Welcome back to my Home Movies! Today, we have a Marvel Cinematic Universe outing from earlier in the year fighting for top honors. Yes, this week sees the release of Ant-Man and the Wasp: Quantumania, right as audiences in theaters are seeing Guardians of the Galaxy Vol. 3 and loving that one. Read on for more…
Ant-Man and the Wasp: Quantumania
This Marvel adventure was met with a bit of a mixed reception, which does make sense. It’s dense, weird, and somewhat different than what’s come before. Not all of it works, but Ant-Man and the Wasp: Quantumania is an interesting film, to say the least. In my review here, I had the following to say about the movie:
The Marvel Cinematic Universe is ever expanding, and with the start of Phase Five, it’s gotten both bigger and smaller. Yes, Ant-Man and the Wasp: Quantumania is the largest scale installment of the character’s now trilogy, but it’s done so by getting so small, it enters the Quantum Realm. Starting this MCU section off with Ant-Man is an interesting choice, and while it doesn’t always pay off, more here works than doesn’t. It’s not Marvel’s upper echelon, but it’s an entertaining science fiction adventure, even if it’s a bit of a bumpy ride.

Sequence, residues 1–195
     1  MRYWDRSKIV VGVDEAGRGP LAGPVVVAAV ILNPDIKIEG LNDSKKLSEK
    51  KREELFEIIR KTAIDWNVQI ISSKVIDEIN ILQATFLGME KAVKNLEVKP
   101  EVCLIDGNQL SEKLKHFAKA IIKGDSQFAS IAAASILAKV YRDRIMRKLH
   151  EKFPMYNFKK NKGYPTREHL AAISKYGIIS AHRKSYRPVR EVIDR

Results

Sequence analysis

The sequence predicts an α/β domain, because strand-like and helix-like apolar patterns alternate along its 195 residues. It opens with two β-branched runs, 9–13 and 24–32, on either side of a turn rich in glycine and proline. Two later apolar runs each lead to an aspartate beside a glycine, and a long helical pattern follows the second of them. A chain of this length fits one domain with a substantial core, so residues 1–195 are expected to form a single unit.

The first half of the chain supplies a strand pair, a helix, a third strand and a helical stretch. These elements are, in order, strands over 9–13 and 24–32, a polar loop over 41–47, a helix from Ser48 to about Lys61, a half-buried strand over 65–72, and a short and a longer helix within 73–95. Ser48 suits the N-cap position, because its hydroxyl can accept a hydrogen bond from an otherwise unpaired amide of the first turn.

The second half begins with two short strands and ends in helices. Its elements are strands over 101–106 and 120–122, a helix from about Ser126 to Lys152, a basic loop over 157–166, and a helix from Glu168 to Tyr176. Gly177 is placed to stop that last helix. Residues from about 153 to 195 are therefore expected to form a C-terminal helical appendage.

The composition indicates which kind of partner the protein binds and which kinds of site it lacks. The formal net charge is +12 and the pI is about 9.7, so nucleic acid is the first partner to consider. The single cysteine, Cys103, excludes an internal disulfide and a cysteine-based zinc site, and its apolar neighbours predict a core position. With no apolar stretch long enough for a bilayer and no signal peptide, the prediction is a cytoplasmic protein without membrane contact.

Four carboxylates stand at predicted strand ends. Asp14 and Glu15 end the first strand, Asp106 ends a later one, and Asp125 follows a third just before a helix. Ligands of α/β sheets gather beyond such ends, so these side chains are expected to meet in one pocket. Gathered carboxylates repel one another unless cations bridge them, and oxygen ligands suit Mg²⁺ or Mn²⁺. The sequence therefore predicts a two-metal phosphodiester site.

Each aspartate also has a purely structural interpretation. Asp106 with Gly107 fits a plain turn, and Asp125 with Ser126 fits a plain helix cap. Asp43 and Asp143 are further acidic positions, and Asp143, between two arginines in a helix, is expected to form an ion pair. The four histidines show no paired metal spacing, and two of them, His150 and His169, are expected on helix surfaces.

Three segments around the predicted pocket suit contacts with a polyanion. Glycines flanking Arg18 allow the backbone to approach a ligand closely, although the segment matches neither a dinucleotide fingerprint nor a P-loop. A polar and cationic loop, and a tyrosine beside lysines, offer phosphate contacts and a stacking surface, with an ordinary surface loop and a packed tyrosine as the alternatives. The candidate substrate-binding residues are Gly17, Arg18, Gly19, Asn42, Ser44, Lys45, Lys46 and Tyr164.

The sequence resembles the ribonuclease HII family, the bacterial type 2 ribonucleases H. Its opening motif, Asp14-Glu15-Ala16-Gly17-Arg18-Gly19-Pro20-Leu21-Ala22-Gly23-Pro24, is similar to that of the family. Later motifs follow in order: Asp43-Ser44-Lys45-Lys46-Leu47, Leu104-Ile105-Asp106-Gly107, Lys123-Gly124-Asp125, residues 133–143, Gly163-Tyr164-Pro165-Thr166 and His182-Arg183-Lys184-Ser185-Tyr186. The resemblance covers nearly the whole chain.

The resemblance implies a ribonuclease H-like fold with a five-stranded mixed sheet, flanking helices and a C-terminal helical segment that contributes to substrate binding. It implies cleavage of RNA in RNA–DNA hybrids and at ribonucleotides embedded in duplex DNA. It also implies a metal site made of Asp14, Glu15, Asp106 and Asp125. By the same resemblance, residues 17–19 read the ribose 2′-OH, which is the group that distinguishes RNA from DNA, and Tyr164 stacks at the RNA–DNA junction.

Ant-Man and the Wasp: Quantumania is the closest the MCU has gotten to a Star Wars film yet. In fact, I felt a little bit of a Rick and Morty influence as well. All of this makes for one of the weirder Marvel movies to date. Newcomers to this world will be lost, but if you’re at least mostly up to date, it’s a definite step towards something a bit new for the interconnected universe.
Also Available This Week
Operation Fortune: Ruse De Guerre
From The Criterion Collection: “Old Hollywood collides with New Hollywood, and screen horror with real-life horror, in the startling debut feature from Peter Bogdanovich. Produced by Roger Corman, this chillingly prescient vision of American-made carnage casts Boris Karloff as a version of himself: an aging horror-movie icon whose fate intersects with that of a seemingly ordinary young man (Tim O’Kelly) on a psychotic shooting spree around Los Angeles. Charged with provocative ideas about the relationship between mass media and mass violence, Targets is a model of maximally effective filmmaking on a minimal budget and a potent first statement from one of the defining voices of the American New Wave.”
Stay tuned for more next week…